Georgia bill blocking state insurance plans from paying for abortions advances
Sixteen states have placed restrictions on state health benefit plans for abortion. Many Georgia state legislators hope to make their state the seventeenth.
State Senator Mike Crane’s S.B. 438 passed the State Senate on the critical Crossover Day for it to reach the House for consideration—but not without a great deal of resistance. Crossover Day, the 30th legislative day, is the last day in the Georgia legislature a bill can be passed out of either the House or Senate and have a chance to be approved by the other house and signed into law. Democrats in the legislature put up a fight to prevent the bill from passing, calling for a vote to table the bill, and for more than 80 minutes they ripped into the legislation, which would end taxpayer funding of abortion for state employees in their health care plans.
“It is both morally and financially irresponsible for our state to force taxpayers to participate in ending the life of an unborn child,” said Senator Crane (R-Newnan).
“Isn’t it true that this is a sad day for women in Georgia?” asked the female Senator Valencia Seay (D-Riverdale) to Senator Crane during the debate, noting how ironic she thought it was that this vote would come so close to this international holiday.
A sad day for women in Georgia? Not sad for the pro-life women in Georgia who don’t want to pay for another woman’s murder. Not a sad day for little girl babies in the womb—the future women of Georgia.
The argument was yet again another twisted effort by the anti-life opposition to turn the issue on its head from one of ending discrimination against the most defenseless to one of discrimination against women. The picture the Democrats painted was of a group of men trying to dominate women by stopping them from controlling their bodies.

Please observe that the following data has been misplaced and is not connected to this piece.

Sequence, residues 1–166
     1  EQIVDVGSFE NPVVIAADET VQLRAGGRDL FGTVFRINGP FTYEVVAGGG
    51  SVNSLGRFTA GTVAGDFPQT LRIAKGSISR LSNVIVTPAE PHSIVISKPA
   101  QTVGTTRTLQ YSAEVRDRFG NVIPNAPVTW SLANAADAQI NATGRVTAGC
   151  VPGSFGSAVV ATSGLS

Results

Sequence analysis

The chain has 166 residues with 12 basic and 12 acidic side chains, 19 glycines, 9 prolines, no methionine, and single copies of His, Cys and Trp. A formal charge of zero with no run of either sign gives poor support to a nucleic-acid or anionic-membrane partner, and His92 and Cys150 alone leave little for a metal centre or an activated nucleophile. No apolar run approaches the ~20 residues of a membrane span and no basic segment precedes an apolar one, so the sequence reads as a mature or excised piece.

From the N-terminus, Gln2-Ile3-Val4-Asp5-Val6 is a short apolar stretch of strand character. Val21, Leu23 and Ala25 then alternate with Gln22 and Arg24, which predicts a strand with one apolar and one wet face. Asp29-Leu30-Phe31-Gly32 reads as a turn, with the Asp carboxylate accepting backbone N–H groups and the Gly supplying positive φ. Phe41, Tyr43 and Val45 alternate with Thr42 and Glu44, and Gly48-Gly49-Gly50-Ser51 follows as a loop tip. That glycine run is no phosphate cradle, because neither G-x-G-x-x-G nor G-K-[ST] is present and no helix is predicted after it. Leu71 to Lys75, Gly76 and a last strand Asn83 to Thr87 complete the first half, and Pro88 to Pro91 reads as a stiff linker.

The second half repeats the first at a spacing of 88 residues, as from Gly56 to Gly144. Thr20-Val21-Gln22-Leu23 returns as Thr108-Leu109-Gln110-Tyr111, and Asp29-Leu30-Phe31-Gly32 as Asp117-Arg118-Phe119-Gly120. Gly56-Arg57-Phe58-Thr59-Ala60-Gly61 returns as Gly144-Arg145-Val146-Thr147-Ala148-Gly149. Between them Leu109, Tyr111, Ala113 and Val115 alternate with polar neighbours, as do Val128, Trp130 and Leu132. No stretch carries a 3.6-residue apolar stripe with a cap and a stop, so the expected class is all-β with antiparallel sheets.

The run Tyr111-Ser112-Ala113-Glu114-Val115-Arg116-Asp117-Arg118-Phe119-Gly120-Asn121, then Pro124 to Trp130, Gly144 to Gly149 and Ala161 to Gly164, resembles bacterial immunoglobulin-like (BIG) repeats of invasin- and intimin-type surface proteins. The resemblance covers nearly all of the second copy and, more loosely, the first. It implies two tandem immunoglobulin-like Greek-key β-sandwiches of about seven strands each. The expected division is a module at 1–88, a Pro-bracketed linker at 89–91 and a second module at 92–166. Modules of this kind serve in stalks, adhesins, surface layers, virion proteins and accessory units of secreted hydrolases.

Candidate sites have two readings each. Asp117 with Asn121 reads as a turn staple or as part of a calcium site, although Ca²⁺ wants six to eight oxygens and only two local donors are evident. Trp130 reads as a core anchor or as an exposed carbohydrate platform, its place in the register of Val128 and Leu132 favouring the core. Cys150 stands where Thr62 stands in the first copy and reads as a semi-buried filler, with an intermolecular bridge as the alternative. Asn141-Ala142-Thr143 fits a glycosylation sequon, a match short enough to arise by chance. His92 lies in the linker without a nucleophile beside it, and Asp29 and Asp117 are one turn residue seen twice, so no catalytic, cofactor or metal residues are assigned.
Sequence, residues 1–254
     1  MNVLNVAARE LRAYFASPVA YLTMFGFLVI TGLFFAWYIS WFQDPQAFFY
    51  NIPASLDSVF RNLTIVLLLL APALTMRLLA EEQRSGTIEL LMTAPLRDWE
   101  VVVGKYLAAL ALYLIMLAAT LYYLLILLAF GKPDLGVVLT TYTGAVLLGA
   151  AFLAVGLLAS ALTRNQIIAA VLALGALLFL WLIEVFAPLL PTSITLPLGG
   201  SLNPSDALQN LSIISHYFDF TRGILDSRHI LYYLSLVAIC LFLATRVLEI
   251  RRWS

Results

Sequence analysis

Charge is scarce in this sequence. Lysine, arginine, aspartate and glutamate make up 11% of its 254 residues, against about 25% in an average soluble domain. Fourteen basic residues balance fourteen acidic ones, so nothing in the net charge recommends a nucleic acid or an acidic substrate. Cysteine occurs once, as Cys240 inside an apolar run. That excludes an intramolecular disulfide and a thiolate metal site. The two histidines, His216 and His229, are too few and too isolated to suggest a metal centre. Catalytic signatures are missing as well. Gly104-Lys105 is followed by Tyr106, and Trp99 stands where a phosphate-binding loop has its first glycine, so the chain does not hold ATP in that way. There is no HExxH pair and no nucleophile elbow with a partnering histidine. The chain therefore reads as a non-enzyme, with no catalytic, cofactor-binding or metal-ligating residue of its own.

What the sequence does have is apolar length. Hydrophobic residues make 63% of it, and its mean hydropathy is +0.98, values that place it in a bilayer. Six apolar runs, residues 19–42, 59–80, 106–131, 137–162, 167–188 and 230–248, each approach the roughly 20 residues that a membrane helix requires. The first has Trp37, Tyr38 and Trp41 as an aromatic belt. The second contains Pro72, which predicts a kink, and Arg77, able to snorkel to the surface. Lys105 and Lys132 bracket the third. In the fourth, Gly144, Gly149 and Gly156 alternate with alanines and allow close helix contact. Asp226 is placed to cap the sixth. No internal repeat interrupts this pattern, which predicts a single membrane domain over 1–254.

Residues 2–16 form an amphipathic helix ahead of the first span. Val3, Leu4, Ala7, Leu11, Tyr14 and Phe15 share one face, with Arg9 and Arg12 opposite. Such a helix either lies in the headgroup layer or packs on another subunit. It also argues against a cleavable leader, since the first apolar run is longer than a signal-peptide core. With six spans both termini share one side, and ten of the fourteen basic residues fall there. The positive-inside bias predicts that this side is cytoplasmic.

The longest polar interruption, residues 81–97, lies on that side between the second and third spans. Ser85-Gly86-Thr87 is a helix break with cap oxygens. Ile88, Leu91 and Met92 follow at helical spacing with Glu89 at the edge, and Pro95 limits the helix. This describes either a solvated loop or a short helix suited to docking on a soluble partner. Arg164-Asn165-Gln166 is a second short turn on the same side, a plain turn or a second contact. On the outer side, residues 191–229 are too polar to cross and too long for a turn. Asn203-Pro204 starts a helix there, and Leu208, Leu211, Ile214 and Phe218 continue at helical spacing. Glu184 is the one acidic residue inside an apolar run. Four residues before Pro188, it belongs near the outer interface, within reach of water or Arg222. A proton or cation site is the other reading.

“We are not your property!” one black, female Democrat shouted from the podium when she spoke against the bill.
Other Democrats complained that the bill does not allow for exceptions for abortion in the case of rape or incest. Senator Doug Stoner (D-Smyrna) objected that it was unfair to his wife and daughters. “As a state employee, we’re going to make this decision for you if you’re raped or the victim of incest,” he said.
And the alternative? To have you pay for the murder of a woman’s baby. As Senator Crane replied, rape and incest are terrible things, but two wrongs do not make a right. “I don’t think we as a body should compound one crime with another,” he said. It is not the baby’s fault that it was conceived via rape or incest, nor is it the taxpayers fault. Each life is a providential gift from God however it comes.
Senator Judson Hill (R-Marietta) said his yes vote in favor of the ban on covering abortions with the state health plan was personal. Two of his sons were born at 24-weeks-old and lived for a day, he said. “I’m standing for life. I’m going to stand for those babies who are 24-weeks-old.”
Senator Crane, the author of the bill, is also no stranger to pregnancy complications. One of his children was born prematurely, and he and his wife lost a son who was stillborn.
The Democrats argued that this bill would cost taxpayers a great deal in helping with complicated pregnancy scenarios. When the final vote was cast in the Senate several of the Democratic female senators locked arms and then stormed out of the chamber to express their anger to the local news networks. The bill passed the Senate 33 to 18, and is now headed over to the State House of Representatives.
Just over the last three years, Georgia has paid over $877,122 to perform at least 1,350 abortions for state employees.
“Now some taxpayers may be perfectly fine with that, the ones that think abortion is just a medical procedure,” Senator Crane said. “But for the majority of Georgians, I don’t find that to be the case.”
Only 16 states in total—so far—have placed any kind of restrictions on state health benefit plans for abortion (Arizona, Colorado, Illinois, Kansas, Kentucky, Massachusetts, Mississippi, Missouri, Nebraska, North Dakota, Ohio, Pennsylvania, Rhode Island, South Carolina, and Virginia). Most likely, your legislature has several pro-life legislators who would be eager to introduce a bill like Senator Crane’s. Why not give one of them a call and make the recommendation?